I have no idea what the deal with Jimenez is, but this analysis doesn’t hold water. You list three problems, but the other two could well be rectified by an increase in velocity. You suggest that Jimenez’ velocity won’t increase because his staffmates’ has already increased and his would have too if it were going to … or something. But there’s no reason in the world to believe that all pitchers respond to weather changes or just the normal unloosening of the season in the same way, ergo the conclusion that Jimenez is done is not justified by the argument.

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    • Dan says:

      does Ubaldo have a history of dramatically increasing his fastball velocity over the course of a season? Not really.

      http://www.fangraphs.com/fgraphs/3374_P_FA_20120501.png

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    • Richie says:

      Why is there no reason to believe that if a phenomenon is not present in A, B or C but is present in D, then there’s something different about D? It’s on you to show that D/Jimenez is the outlier, not the author.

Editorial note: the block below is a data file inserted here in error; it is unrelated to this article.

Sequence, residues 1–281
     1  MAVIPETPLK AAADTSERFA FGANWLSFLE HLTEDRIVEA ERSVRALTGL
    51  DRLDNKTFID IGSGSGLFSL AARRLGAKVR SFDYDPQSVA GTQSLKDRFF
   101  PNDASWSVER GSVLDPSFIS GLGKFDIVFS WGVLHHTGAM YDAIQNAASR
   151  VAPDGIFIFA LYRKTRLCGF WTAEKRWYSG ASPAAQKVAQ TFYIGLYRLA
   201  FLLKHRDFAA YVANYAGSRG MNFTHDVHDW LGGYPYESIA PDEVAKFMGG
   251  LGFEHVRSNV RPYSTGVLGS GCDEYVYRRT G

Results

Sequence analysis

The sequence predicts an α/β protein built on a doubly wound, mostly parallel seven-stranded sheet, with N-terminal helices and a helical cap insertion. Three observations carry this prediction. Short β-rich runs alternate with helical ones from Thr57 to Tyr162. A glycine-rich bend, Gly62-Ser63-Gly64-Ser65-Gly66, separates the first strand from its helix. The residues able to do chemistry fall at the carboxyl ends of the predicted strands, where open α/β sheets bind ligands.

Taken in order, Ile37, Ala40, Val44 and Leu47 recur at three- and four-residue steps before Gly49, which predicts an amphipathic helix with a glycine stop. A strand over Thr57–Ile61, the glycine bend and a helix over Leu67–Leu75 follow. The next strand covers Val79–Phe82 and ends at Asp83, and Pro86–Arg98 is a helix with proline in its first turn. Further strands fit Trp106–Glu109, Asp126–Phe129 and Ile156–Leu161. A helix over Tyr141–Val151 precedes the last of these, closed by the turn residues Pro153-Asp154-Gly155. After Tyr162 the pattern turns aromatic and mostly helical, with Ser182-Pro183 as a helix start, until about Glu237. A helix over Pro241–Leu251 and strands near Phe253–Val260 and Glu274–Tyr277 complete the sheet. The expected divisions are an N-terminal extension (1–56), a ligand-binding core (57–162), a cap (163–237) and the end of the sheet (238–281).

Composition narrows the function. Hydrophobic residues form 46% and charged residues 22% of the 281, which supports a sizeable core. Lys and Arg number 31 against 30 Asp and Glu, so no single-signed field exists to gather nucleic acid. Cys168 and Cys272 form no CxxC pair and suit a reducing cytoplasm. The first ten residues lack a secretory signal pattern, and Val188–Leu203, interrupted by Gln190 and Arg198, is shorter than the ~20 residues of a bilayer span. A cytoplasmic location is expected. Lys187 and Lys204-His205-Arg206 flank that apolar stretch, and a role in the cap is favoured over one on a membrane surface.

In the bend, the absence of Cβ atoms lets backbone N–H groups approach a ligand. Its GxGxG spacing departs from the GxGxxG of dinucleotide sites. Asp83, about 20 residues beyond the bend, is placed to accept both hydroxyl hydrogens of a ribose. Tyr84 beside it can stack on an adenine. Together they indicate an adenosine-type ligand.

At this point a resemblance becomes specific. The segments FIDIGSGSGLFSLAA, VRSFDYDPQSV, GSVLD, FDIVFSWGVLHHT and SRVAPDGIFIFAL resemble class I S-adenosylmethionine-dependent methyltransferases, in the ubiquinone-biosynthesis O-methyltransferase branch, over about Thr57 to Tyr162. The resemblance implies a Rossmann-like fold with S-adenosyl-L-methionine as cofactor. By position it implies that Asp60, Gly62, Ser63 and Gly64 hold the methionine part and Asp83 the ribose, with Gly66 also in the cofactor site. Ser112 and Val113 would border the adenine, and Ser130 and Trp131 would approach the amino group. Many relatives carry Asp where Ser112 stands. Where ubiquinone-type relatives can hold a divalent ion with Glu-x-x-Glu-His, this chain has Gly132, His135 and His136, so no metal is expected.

I presume you’ll soon be engaging in epistemological gobbledygook. But recalcitrance doesn’t become anything more than itself just because you surround/disguise it with other big words.

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      • BDF says:

        A, B, and C being one way is not a large enough sample size to label Jimenez an outlier. If the author had shown that, historically, a large sample of pitcher in climates similar to Cleveland’s don’t improve their velocity as the season warms up, that might be compelling. But three pitchers going one way isn’t enough to argue that Jimenez won’t go another.